3Amos Tversky and Daniel Kahneman, “Judgment Under Uncertainty: Heuristics and Biases,” Science 185, no. 4157 (1974): 1124–1131, doi:10.1126/science.185.4157.1124.
4Maia Szalavitz, “10 Ways We Get the Odds Wrong,” Psychology Today, January 1, 2008, http://www.psychologytoday.com/articles/200712/10-ways-we-get-the-odds-wrong.
5Charles S. Taber and Milton Lodge, “Motivated Skepticism in the Evaluation of Political Beliefs,” American Journal of Political Science 50 (3 2006): 755–769, doi:10.1111/j.1540- 5907.2006.00214.x.
6Michael Shermer, “Smart People Believe Weird Things,” Scientific American 287, no. 3 (2002): 35, doi:10.1038/scientificamerican0902-35.
7Keith E. Stanovich, “Higher-Order Preferences and the Master Rationality Motive,” Thinking and Reasoning 14, no. 1 (2008): 111–117, doi:10.1080/13546780701384621.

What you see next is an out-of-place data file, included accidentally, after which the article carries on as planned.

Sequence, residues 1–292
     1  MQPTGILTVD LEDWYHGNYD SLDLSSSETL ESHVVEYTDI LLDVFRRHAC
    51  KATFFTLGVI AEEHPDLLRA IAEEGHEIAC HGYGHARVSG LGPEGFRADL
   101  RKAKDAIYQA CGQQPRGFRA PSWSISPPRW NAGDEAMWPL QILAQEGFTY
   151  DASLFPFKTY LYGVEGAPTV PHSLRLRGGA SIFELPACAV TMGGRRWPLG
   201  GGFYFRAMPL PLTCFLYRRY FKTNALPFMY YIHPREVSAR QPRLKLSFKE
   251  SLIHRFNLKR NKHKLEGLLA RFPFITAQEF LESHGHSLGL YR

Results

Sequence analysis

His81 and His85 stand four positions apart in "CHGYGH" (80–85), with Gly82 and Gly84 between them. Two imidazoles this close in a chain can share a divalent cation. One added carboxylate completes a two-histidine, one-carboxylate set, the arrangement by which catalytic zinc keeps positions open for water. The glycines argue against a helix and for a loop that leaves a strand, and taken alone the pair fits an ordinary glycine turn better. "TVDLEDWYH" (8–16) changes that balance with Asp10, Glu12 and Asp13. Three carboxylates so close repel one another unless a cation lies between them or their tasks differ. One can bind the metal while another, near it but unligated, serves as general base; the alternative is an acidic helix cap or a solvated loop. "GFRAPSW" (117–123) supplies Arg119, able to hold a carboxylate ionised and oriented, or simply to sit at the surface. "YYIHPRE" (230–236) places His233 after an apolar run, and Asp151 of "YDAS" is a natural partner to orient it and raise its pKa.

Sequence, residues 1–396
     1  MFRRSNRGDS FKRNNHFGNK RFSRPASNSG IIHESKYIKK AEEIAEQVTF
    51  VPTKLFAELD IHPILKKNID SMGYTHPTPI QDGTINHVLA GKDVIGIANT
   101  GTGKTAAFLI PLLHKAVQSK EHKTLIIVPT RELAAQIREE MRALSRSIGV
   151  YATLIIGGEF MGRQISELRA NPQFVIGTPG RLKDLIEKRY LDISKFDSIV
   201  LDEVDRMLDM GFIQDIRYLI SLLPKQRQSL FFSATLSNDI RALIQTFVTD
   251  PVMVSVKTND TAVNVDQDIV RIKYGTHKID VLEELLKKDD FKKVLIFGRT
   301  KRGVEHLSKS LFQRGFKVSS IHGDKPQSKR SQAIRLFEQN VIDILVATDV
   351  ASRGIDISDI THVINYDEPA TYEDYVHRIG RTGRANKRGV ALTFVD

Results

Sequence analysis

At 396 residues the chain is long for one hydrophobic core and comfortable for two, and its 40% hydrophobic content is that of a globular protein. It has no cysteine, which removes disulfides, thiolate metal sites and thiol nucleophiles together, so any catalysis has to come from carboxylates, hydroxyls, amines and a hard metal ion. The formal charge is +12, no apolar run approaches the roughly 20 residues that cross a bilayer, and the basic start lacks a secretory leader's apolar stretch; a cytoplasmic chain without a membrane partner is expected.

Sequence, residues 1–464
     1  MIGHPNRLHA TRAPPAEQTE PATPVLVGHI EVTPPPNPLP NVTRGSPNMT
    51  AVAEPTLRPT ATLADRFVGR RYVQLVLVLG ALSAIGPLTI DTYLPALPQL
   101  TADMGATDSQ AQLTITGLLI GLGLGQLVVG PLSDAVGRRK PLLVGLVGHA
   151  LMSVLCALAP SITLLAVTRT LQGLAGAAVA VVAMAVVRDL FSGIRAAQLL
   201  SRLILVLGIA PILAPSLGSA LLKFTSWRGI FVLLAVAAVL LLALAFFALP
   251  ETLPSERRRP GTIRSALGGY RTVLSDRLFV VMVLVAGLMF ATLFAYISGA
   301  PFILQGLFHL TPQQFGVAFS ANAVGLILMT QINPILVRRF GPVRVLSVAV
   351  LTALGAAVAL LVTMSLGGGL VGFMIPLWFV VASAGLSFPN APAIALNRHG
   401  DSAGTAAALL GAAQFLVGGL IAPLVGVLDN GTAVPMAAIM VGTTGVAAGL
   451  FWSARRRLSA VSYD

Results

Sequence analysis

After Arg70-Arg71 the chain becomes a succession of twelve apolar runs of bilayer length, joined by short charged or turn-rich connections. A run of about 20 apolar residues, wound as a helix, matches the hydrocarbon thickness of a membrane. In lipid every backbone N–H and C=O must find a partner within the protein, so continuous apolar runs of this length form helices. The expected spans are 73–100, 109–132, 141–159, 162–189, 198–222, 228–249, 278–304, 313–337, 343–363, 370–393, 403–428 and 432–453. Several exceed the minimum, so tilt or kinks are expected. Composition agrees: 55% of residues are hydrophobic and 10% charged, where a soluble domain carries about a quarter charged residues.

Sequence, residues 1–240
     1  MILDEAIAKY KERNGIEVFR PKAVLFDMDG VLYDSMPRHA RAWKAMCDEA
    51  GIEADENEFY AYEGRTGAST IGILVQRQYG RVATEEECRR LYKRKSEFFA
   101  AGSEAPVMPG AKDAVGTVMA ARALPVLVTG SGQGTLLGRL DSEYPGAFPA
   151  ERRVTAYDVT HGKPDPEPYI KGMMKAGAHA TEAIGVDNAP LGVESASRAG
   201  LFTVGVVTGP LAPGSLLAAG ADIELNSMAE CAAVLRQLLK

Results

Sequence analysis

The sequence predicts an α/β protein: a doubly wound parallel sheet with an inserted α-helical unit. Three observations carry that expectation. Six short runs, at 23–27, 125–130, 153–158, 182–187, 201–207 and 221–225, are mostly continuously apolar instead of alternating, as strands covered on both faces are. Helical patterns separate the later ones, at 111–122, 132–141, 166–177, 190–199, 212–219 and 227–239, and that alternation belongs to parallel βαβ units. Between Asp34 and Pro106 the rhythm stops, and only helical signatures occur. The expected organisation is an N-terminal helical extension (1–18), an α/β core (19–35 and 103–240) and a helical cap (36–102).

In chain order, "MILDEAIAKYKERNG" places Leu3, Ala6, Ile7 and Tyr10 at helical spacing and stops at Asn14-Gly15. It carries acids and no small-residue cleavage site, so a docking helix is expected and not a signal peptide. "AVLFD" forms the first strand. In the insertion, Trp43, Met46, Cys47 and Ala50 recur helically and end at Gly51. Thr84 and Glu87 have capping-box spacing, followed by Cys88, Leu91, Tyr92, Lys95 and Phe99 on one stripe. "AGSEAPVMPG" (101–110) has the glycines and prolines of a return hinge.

8Richard P. Larrick, “Debiasing,” in Blackwell Handbook of Judgment and Decision Making, ed. Derek J. Koehler and Nigel Harvey, Blackwell Handbooks of Experimental Psychology (Malden, MA: Blackwell, 2004), 316–338.
9Geoffrey T. Fong, David H. Krantz, and Richard E. Nisbett, “The Effects of Statistical Training on Thinking About Everyday Problems,” Cognitive Psychology 18, no. 3 (1986): 253–292, doi:10.1016/0010-0285(86)90001-0.
10Daniel Kahneman, “A Perspective on Judgment and Choice: Mapping Bounded Rationality,” American Psychologist 58, no. 9 (2003): 697–720, doi:10.1037/0003-066X.58.9.697.